Seeds are magical things, no two ways about it. For example, there’s something special about biting into a tomato, warmed by the sun and grown on a plant that you started from seed. Or gathering a bouquet of daisies that look just like the flowers shown on the packet of seeds you sowed indoors a couple of months earlier.
Now is the time to get a jump on the seed-starting bandwagon!
Gardening in general is hugely popular these days, and starting plants from seed indoors is definitely part of that. There are plenty of reasons to try it yourself. For example, even though Tagawa offers dozens of different varieties of tomatoes, (well over 100), maybe you’d like the satisfaction of starting some plants yourself.
Or perhaps you want so many zinnias for your cutting garden that starting them ahead of the season just makes $$ sense.
There are some basic do’s and don’ts that will help you succeed with starting your own seedlings indoors. Let’s take a look at the most important ones.
Before we begin, let’s talk about light
Good, bright light is essential for growing sturdy seedlings that will mature into strong, healthy plants. When it comes to nurturing your seedlings, it’s easy to overestimate the quality of light available from the proverbial “sunny window.” There’s also the risk that the young plants growing next to a window could get chilled on cold nights.
To be their healthiest, seedlings will need 14 to 16 hours of bright light in a consistently warm location. If possible, a simple light fixture set up with full spectrum bulbs designed for growing plants can be a real game-changer. Tagawa has several lighting options that our staff would be happy to show you.
Now let’s get started… with clean fresh everything!
Considering that a new packet of seed costs only a few dollars, we’ll begin there. The germination rate of seed goes down fairly quickly with time, so why not buy fresh new seed to give your plants the best start possible? Even if you use only part of the packet, you can always share the rest with friends!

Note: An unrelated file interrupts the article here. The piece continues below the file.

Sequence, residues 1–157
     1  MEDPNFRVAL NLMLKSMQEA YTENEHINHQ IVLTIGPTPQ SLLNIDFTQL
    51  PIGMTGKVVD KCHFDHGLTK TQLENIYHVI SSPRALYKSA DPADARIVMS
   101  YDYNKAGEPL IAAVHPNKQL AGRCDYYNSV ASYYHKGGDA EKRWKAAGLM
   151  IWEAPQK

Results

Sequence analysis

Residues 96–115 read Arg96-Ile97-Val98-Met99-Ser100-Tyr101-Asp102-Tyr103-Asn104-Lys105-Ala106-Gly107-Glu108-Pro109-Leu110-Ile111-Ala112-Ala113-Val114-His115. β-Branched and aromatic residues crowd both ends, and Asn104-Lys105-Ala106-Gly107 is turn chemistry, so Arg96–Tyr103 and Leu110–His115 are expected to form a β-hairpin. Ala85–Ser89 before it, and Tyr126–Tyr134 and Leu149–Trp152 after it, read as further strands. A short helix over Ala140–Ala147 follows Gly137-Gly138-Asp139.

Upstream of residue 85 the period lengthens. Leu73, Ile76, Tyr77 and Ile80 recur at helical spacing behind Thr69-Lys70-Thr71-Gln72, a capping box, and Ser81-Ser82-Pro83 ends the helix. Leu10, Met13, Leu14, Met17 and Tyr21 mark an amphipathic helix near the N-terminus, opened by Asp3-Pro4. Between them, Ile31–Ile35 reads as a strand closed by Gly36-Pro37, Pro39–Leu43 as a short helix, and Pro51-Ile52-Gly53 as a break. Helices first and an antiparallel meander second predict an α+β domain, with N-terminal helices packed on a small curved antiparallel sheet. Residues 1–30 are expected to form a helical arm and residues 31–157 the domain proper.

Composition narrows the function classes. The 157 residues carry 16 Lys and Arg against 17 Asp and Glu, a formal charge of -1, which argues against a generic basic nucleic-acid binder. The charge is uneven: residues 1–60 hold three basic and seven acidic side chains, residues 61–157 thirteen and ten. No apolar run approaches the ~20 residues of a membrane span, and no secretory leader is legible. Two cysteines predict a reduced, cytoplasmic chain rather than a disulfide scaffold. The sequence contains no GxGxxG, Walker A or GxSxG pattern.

Be sure to sow your seeds in seed-starting mix, not potting soil, and never soil from your garden.
Seed-starting mix is sterile and will significantly help your seedlings avoid a fungal disease called “damping off” that can kill them in a heartbeat if conditions aren’t right.
Damping off can occur when warm moist air becomes stagnant… perfect conditions for the disease spores to germinate and collapse a seedling’s delicate stem. A small fan on a low setting that keeps the air surrounding your seedlings moving even slightly goes a long way toward preventing an infection.
As for the best containers for your seedling crop, there are lots of options. Tagawa carries a wide assortment, including various sizes of cell packs and small pots or non-plastic alternatives, as you’ll see in our seed-starting display.
You can also use something you’ve recycled like yogurt tubs, as long as they’re clean and have drainage holes.
Let the seed packets be your guide
The packets your seeds come in can be a wealth of information, like which seeds can be started indoors, when to plant the seeds and specifics on proper seed depth.
Some seed packages also include a tiny picture of what the seedling will look like when it emerges. A few types of seeds need special treatment such as a cold period to “crack” the seed and help it germinate or exposure to light. All of these details should be listed on the packet to help your seedling project succeed.